October 15, 2009

Freezing Pumpkin

Fall just wouldn't be right without a pumpkin pie, pumpkin roll, pumpkin bread, fried pumpkin......I love pumpkin! We bought several pumpkins from an Amish patch last weekend. My mom and grandmother call these old hog pumpkins and say they make the best pies. I have never made any of the aforementioned recipes with anything but canned pumpkin bought from the store before but since I have started blogging, I'm, always looking for something new to try and blog about.

So here's my journey from pumpkin to freezer to pie!
Start with a large pumpkin. I'm sure any kind will work but I'm using the light orangish-yellow ones. Wash it well.

Cut in half crosswise and scrap out all the strings and seeds better known as "the guts" around here.

Lay the pumkpin shell up on a large cookie sheet/pan with sides because it will produce a lot of juice while it's baking. Bake at 350 degrees for approximately 1 hour or until the shell starts to collapse when pushed on.

Remove from oven, invert on a strainer for an hour or so while cooling (thanks for that tip from Paul at Salt Creek Life) so your flesh will not have so much juice in it. Flip it over and the inside will be soft and juicy.

Scrape the inside of the pumpkin from the peel. I have found this very easy to do with a spatula to hold the peel and one of those pumpkin scrapers from the jack-o-lantern kits to scrape with. Larger pumpkins may have a bit stringier flesh. Just give it a quick mash with a potato masher after you have scraped it from the peel.

I got 10 cups of wonderful pumpkin from this medium-sized one.
Look at that beautiful color and my house smelled so good from just baking the pumpkin.

I used 4 cups of this to make pies and a put the rest in 2 cup amounts into freezer bags, let cool completely and placed in freezer.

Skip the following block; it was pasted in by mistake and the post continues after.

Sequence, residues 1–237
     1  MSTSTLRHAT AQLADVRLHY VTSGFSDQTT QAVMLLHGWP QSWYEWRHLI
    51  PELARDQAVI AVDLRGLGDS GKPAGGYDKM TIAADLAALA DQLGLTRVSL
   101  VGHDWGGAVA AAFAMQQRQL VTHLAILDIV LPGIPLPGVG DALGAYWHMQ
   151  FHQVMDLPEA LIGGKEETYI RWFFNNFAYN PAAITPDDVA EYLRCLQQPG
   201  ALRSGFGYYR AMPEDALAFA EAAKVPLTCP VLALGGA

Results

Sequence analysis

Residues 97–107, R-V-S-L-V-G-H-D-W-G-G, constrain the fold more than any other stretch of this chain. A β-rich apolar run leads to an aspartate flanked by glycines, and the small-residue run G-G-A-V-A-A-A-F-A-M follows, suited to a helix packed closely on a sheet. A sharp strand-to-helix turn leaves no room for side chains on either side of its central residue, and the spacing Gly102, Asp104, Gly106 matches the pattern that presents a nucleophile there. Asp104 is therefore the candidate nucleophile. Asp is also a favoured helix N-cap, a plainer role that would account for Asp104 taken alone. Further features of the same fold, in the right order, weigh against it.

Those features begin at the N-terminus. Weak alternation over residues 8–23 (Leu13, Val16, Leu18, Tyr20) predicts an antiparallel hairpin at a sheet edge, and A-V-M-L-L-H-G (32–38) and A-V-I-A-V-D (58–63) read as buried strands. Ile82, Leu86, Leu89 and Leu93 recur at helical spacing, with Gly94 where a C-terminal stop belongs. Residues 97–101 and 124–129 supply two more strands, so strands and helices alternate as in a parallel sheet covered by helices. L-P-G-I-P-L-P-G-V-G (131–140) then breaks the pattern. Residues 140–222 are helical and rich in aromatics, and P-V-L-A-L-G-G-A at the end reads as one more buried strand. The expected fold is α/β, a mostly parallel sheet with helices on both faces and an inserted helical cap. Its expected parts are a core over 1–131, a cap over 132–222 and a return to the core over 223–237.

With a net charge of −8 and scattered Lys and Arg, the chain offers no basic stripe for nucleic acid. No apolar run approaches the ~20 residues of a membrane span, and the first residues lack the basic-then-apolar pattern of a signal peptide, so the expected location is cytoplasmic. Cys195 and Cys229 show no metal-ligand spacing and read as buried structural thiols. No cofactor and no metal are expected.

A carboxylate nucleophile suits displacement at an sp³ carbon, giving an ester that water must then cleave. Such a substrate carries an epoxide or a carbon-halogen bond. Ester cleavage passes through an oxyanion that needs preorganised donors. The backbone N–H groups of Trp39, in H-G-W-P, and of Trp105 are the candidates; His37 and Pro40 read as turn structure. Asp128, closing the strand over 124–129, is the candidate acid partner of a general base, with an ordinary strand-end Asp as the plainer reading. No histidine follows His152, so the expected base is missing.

I have 3 more larger pumpkins just like this one and plan to freeze them also. This is so easy to do and tomorrow......I'll share the pie I baked.......yum!!!!


Arlene said...

Yummy looking!!! What a great homemaker you are!! I want to live next door to you!!!

Callie said...

Thank you for the great photos! I will add making a real pumpkin pie to my list of things to bake when I get my oven working. That pie must have been terrific.

Paul said...

You have a head start on me with your punkin processin! Just a tip you may try on your next batch... After cooking, I let the pumpkin flesh drain in a strainer for a couple hours to make it more firm and less juice. Dang, you got me hungry for some punkin pie!

Elle Bee said...

Oh what a great idea! I never would have thought to do this. I'm totally going to do this with the pumpkins we grew this year. I tell ya, I learn something useful every time I come here!

KentuckyFarmGirl said...

Thank you for that tip, Paul. I hope it's okay that I added it to my post. I was going to add that some of the juice needed to be drained from the pumpkin flesh to make the pie but with this tip that will already be taken care of!

Thanks again!

Sunny said...

Yes, homegrown pumpkin is the absolute best! I have canned mine in years past.. I also use winter squash of any kind to make squash pies. They are a tad milder but make wonderful pies as well. Love your photos!

Linda Stubbs said...

I am definitely going to do this. You make it look so easy. Thank you for putting this up. I did this along time ago and just needed to be encouraged again. Everything looks so nice on your blog. Want to try the bird feeder also.

mariet said...

Just came across your blog and Love it. How long does it last in your freezer? I have a problem with everthing getting freezer burnt.Have any sugestions on that? Thanks

KentuckyFarmGirl said...

Mariet, I decided to use some from last year so I can make room for more this year and it was still fine. I also used a bag of it in some homemade soap I made and it was fine as well. Hope that helps.


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